Example:

pin_deploy verify myobj.podl
  

Connects to the default database schema specified in the pin.conf file, determines the changes required for creating the class and field definitions contained in the PODL file, and reports conflicts.

Verify for dm_invoice

If your BRM installation includes a separate dm_invoice database, you can use two parameters with the verify command:

  • Use the -d switch to connect to a dm_invoice database for a BRM installation that initially used a dm_oracle database schema to store /invoice objects. If you use the -d switch, specify the target database schema by database number. Omit the -d switch and database number to connect to the default database schema.

  • Use the -e switch to print debugging information to the logfile.

    pin_deploy verify [-de] [target_db] [file_one file_two ... file_N]
      
    

Example:

pin_deploy verify -de 0.0.6.1 myobj.podl
  

Connects to the dm_invoice database 0.0.6.1, determines the changes required for creating the class and field definitions contained in the PODL file, reports conflicts, and prints debugging information to the logfile.

Create

Load storable class and field definitions into the data dictionary. Succeeds only if there are no conflicts. If there are conflicts, they are reported and no action occurs. May alternatively accept PODL from stdin.

pin_deploy create [file_one file_two ... file_N]
  

Example:

pin_deploy create myobj.podl
  

Connects to the default database schema specified in the pin.conf file, creates the class and field definitions contained in the PODL file, and prints debugging information to the logfile. If conflicts are encountered, the operation fails without taking any action.

Create for dm_invoice

If your BRM installation includes a separate dm_invoice database, you can use two parameters with the create command:

  • Use the -d switch to connect to a dm_invoice database for a BRM installation that initially used a dm_oracle database schema to store /invoice objects. If you use the -d switch, specify the target database schema by database number. Omit the -d switch and database number to connect to the default database schema.

  • Use the -e switch to print debugging information to the logfile.

    pin_deploy create [-de] [target_db] [file_one file_two ... file_N]
      
    

Example:

pin_deploy create -de 0.0.6.1 myobj.podl
  

Connects to the dm_invoice database 0.0.6.1, creates the class and field definitions contained in the file, and prints debugging information to the logfile. If conflicts are encountered, the operation fails without taking any action.

Replace

Load storable class and field definitions into the data dictionary. Overwrites storable class and field definitions even if conflicts exist. The SQL table and column names for storable classes can not be overwritten. When loading field definitions, only the field description attribute is overwritten. May alternatively accept PODL from stdin.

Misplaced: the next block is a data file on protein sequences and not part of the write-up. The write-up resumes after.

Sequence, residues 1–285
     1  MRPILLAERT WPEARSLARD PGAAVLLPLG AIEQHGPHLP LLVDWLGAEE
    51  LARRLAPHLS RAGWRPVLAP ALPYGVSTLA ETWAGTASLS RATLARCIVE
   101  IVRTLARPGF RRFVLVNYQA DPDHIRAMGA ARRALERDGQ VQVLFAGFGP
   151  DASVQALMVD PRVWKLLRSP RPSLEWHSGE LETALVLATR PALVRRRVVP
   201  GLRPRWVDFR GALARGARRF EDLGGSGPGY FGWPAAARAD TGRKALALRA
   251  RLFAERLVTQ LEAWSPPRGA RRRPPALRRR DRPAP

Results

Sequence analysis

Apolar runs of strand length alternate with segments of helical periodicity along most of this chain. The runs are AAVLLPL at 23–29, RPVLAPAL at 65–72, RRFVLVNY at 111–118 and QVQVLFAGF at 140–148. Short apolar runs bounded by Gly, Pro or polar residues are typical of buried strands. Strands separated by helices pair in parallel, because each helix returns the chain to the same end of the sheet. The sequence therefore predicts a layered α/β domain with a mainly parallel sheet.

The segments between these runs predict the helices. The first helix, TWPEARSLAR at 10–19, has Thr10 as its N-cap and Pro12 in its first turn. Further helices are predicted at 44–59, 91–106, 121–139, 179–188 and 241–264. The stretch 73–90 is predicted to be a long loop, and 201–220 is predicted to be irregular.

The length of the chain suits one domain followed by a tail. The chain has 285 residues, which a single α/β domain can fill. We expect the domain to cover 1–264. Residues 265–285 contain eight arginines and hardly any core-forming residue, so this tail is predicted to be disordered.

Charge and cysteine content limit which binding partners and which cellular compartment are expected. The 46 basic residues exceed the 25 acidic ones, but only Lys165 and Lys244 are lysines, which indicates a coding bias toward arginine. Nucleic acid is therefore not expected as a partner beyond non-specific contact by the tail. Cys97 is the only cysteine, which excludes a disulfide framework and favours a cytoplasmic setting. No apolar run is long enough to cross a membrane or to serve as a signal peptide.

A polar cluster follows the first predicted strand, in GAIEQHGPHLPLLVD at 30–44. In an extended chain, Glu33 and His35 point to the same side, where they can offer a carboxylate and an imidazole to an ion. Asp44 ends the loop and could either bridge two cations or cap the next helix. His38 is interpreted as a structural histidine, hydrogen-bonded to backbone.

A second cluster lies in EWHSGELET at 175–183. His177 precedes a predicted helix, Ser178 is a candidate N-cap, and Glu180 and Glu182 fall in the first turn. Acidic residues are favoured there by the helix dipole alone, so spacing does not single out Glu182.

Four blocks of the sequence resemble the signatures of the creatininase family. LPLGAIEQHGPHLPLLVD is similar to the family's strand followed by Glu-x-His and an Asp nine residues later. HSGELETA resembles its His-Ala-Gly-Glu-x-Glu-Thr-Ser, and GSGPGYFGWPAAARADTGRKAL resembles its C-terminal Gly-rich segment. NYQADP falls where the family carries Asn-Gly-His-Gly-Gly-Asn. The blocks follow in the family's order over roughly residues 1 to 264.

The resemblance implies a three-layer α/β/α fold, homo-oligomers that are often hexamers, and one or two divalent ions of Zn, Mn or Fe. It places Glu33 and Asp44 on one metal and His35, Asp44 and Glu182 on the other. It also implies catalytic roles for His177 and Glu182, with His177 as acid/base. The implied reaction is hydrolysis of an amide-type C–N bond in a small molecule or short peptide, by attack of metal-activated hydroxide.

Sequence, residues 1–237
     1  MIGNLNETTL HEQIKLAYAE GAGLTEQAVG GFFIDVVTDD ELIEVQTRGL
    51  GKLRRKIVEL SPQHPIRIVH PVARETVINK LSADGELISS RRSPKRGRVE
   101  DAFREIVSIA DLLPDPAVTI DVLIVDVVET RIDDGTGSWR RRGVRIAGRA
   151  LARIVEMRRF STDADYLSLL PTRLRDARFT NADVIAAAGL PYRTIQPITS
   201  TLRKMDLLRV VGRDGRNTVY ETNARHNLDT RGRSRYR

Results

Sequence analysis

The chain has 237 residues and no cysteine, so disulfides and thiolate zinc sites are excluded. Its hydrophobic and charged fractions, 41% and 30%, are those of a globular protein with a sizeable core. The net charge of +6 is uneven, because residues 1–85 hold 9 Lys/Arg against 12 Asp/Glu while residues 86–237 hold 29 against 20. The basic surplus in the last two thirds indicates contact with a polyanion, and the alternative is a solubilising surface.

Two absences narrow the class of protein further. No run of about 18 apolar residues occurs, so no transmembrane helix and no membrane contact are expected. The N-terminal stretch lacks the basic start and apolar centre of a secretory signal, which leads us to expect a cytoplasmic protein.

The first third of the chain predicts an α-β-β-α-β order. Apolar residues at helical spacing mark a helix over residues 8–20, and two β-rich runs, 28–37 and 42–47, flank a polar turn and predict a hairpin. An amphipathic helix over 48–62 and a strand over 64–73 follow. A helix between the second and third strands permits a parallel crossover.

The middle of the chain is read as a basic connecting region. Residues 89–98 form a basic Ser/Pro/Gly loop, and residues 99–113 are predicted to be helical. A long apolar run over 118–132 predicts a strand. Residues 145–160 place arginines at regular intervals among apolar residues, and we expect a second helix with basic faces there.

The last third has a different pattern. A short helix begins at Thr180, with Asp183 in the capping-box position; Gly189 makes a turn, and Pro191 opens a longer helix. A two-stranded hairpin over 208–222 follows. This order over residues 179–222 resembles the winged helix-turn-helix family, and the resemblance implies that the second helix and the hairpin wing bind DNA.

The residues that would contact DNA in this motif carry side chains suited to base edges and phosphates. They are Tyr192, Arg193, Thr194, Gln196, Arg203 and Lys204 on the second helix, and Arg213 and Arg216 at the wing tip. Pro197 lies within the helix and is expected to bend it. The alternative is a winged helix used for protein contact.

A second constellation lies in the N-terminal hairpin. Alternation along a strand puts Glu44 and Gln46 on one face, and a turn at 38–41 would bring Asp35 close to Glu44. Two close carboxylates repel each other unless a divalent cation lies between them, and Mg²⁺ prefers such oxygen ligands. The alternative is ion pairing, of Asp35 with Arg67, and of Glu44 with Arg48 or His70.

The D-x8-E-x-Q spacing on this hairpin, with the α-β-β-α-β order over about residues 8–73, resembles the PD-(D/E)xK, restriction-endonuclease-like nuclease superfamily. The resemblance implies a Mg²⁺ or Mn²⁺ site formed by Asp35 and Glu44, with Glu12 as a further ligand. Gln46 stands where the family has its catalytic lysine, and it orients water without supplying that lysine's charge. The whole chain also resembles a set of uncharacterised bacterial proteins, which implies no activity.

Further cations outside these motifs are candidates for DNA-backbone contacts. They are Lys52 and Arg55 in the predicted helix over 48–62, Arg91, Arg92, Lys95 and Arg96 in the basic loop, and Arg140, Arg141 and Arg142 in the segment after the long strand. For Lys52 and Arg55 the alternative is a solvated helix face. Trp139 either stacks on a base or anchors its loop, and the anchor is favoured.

pin_deploy replace [file_one file_two ... file_N]
  

Example:

pin_deploy replace myobj.podl
  

Connects to the default database schema specified in the pin.conf file, creates the class and field definitions contained in the PODL file, and prints debugging information to the logfile. If conflicts occur, existing definitions are overwritten.

Replace for dm_invoice

If your BRM installation includes a separate dm_invoice database, you can use two parameters with the replace command:

  • Use the -d switch to connect to a dm_invoice database for a BRM installation that initially used a dm_oracle database schema to store /invoice objects. If you use the -d switch, specify the target database schema by database number. Omit the -d switch and database number to connect to the default database schema.

  • Use the -e switch to print debugging information to the logfile.

    pin_deploy replace [-de] [target_db] [file_one file_two...file_N]
      
    

Example:

pin_deploy replace -de 0.0.6.1 myobj.podl
  

Connects to the dm_invoice database 0.0.6.1, creates the class and field definitions contained in the PODL file, and prints debugging information to the logfile. If conflicts occur, existing definitions are overwritten.

Class

Export storable class definitions from a BRM server in PODL format. May specify any number of storable classes on command line. If no storable classes are specified, then all classes will be exported.

pin_deploy class [-mnscp]  [class_one  class_two ... class_N]
  

[-m] Export storable class implementation.

[-n] Export storable class interface.

[-s] Include all subclasses of specified storable class.

[-c] Include field definitions for all customer-defined fields within storable classes.

[-p] Include field definitions for all BRM-defined fields within storable classes.

Examples:

pin_deploy class -mn /account /bill
  

Export definitions for the /account and /bill storable classes from a BRM server in PODL format. Includes both implementations and interfaces.

pin_deploy class -s /event
  

Export the /event storable class interface along with all of its subclasses.

Field

Export field definitions from a BRM server in PODL format. May specify any number of fields by name. If no fields are specified, then all fields will be exported unless the -c or -p parameters are used.

pin_deploy field [-cp] [field_one field_two ... field_N]
  

[-c] Include field definitions for all customer-defined fields.

[-p] Include field definitions for all BRM-defined fields.

Examples:

pin_deploy field PIN_FLD_PRODUCTS PIN_FLD_NAMEINFO
  

Export definitions for the PIN_FLD_PRODUCTS and PIN_FLD_NAMEINFO fields from a BRM server in PODL format.